He also suggests letting larger clients use the training facility for their own security employee classes. â€œThe more I offer to my big customers, the more theyâ€™re in here, the better,â€ he concludes.
STAFF MUST FOCUS ON DATABASE INTEGRATIONThe integrated systems division of Stanley Security Solutions Inc., Indianapolis, has come across many tips to solve integration challenges, reveals Jay Vaitkus, Stanleyâ€™s global product and marketing manager.
â€œOne of the things we do fairly well but it was a fairly painful route was the integration of various databases together,â€ Vaitkus notes. The return on investment for a university, for example, to integrate its access, library and meal card systems is substantial, but so are the challenges, he says.
â€œIt sounds easy and there is a significant ROI of doing it, but it is very complicated,â€ he emphasizes. â€œAny change to one field in one of the programs will affect the others.â€
His company has an eight-member software solutions group that assists salespeople in quoting such projects because of the different types of software systems a customer can use, including proprietary ones the university may have developed itself.
â€œGood upfront planning is the key word if youâ€™re doing any database integration, but the return on investment is significant to manage all your data at one point rather than multiple points,â€ Vaitkus stresses.
Sidebar: Integrators Identify New Business OpportunitiesAn aspect of integration in which Henry Bros. Electronics Inc. (HBE), Saddlebrook, N.J., has been working is emergency preparedness planning, which now is required in New York City. A tip for additional business is developing these plans for building owners.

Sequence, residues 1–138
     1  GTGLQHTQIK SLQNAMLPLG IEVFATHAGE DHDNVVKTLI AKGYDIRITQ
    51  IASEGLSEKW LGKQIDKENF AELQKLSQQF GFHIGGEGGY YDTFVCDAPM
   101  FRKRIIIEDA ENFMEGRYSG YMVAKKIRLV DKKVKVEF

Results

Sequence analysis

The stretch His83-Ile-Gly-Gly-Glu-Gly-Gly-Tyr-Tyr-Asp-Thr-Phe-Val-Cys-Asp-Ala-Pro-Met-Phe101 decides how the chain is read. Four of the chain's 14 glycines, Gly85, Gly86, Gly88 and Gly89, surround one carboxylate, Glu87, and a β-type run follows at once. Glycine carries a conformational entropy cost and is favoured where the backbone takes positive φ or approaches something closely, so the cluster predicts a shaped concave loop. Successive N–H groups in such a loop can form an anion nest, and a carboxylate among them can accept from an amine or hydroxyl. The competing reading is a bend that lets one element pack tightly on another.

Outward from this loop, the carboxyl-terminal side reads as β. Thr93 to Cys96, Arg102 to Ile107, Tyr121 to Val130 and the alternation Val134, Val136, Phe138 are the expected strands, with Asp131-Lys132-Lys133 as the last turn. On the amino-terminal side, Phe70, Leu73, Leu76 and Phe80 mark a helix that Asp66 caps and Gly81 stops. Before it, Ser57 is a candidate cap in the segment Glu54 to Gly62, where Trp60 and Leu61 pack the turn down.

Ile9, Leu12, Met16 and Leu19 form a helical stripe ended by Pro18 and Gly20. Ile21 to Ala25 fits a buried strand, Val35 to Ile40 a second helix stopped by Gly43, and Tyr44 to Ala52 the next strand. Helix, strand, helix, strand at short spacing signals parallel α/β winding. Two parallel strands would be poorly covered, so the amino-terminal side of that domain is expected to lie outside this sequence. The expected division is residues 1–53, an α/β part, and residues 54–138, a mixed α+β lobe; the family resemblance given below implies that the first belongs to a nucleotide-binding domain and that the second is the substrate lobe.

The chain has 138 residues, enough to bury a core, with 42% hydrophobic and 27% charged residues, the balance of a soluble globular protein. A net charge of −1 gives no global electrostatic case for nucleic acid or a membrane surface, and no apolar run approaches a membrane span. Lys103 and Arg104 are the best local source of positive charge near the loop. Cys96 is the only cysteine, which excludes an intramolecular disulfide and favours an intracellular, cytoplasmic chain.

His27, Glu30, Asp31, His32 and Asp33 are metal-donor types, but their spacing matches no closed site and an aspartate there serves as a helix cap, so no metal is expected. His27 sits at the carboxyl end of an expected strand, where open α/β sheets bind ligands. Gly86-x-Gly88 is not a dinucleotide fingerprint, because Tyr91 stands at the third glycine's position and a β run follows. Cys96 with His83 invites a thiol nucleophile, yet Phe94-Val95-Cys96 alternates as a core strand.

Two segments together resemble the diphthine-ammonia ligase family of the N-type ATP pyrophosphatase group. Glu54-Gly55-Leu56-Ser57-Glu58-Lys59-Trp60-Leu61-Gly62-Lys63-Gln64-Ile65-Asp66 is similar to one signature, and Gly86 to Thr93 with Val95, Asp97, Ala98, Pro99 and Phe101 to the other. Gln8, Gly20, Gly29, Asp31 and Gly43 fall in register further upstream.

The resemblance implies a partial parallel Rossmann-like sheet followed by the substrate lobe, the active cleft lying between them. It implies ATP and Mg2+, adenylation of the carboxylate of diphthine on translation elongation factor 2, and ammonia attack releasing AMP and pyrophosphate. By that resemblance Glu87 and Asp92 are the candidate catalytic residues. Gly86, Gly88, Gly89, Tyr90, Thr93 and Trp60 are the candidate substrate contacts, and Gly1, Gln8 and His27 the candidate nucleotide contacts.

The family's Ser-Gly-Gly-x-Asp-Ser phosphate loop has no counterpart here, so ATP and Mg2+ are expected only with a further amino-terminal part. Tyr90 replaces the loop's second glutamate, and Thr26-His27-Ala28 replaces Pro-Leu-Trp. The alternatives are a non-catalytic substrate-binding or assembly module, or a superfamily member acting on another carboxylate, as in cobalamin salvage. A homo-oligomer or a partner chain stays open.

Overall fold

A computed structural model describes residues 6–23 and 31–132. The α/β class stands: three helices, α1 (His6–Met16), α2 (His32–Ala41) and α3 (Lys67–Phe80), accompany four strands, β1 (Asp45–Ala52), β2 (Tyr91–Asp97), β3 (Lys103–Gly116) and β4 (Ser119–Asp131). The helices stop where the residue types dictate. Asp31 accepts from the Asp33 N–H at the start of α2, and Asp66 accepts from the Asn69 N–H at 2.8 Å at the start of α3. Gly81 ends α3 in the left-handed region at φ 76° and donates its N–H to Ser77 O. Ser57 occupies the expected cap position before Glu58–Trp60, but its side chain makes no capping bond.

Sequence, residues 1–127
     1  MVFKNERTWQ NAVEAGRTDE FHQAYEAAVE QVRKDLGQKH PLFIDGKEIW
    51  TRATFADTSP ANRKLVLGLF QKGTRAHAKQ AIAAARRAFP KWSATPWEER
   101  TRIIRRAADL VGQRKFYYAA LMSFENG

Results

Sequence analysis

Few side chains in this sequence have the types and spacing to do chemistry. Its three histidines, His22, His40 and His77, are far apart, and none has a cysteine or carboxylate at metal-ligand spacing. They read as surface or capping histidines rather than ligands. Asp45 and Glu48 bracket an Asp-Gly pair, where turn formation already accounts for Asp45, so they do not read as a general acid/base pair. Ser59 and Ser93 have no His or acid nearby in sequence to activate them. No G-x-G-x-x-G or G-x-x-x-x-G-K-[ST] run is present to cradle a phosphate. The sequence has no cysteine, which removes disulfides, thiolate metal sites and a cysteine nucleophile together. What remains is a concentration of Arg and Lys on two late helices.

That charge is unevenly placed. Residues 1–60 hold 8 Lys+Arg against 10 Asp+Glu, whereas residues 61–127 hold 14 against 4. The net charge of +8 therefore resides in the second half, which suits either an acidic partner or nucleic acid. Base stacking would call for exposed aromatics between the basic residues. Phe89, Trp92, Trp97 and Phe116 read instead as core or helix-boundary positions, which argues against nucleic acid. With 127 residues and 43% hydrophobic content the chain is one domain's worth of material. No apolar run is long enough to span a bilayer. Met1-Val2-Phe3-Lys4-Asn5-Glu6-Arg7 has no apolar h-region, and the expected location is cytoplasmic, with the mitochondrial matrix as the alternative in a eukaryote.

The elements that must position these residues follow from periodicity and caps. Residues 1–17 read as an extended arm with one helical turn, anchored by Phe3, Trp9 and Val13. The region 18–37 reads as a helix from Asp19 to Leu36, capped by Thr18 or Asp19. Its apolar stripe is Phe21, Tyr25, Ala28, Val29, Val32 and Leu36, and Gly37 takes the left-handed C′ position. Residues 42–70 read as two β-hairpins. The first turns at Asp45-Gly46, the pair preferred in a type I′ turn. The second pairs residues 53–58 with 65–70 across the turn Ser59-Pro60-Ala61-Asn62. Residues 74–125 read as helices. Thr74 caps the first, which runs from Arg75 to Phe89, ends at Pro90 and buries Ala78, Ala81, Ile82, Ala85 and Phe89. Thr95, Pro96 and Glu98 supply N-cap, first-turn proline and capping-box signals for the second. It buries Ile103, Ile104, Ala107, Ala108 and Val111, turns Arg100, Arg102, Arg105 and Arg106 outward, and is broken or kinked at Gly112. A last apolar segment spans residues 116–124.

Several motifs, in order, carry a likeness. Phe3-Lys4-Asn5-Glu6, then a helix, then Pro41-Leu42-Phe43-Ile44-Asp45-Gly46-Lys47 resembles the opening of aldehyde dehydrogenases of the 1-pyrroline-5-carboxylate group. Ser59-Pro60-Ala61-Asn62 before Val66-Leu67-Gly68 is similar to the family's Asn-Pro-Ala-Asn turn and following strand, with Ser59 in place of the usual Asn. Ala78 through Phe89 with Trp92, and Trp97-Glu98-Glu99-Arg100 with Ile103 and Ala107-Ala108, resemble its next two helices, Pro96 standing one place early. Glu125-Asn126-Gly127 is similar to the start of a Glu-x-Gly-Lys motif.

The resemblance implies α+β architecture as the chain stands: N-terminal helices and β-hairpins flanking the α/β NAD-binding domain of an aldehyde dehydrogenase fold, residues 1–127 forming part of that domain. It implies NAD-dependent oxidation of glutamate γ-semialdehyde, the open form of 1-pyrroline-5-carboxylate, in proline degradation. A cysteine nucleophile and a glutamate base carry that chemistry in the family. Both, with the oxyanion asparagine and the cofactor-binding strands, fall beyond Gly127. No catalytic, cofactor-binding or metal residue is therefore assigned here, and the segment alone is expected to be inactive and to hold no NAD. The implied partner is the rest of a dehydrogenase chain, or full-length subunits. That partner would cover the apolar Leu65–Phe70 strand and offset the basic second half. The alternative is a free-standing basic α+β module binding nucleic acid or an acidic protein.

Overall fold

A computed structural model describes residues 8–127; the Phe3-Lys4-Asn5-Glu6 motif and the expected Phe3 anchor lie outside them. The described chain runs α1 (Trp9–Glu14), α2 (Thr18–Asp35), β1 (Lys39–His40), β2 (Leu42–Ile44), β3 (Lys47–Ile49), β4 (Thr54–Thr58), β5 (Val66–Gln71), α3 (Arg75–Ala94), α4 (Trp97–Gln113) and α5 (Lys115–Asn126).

Michael Lamarca, director of software applications and engineering for FirstService Security, Norristown, Pa., also points to a large number of projects in automated failover systems, which provide backup or redundancy for systems, and in data recovery during disasters.
Stanley Security Solutions Inc., Indianapolis, has done work with asset tracking, in which, for example, the location of expensive diagnostic equipment that is moved around a hospital needs to be known. It may not have been stolen, but employees cannot remember where they last left it. An active ID tag on the equipment is used to track it through radio signals.
Sidebar: Get out of TownSmall systems integrators should not hesitate to take on jobs that are remotely located from their regular territory, thinks Clifford Franklin, president of Sabre Integrated Security Systems, New York.
â€œWe do a lot of work out of town, which is unusual for a small integrator,â€ Franklin relates. Among the locations where the company has clients are Washington, Baltimore, Virginia and even Alabama.
â€œA lot of smaller companies shy away from that, but with good management, there are markets out there that are in their realms,â€ Franklin insists.
Sabre receives many of these projects from out-of-state divisions of companies that are their customers in New York. â€œMost are where weâ€™ve been requested by the contact in New York to go look at those jobs,â€ he points out.
Franklinâ€™s tip for this type of work is to pay close attention to the details when doing a site visit. â€œMake sure you have everything for the job before you go down there,â€ he suggests. â€œTo get that right, you have to be very stringent with your survey.â€
How a surveillance camera will attach to a wall, the types of door frames that will need electronic latching and access control equipment, and how a door is constructed are some of the details that must be studied closely.
â€œSundry items basically are the ones that screw you up when youâ€™re doing an installation,â€ Franklin concedes, such as fasteners, screws or conduit boxes. â€œIf you get all that detail in your survey, youâ€™ll have no problem.â€
Having employees who enjoy traveling for a few days or weeks is important, too. â€œWe try to get a package together before we send someone out of town where they have literally everything in hand, and off they go,â€ Franklin explains. â€œGenerally we donâ€™t get problems. If youâ€™re going away any distance, you want to know what your miscellaneous items are. You donâ€™t want to run to the hardware store.â€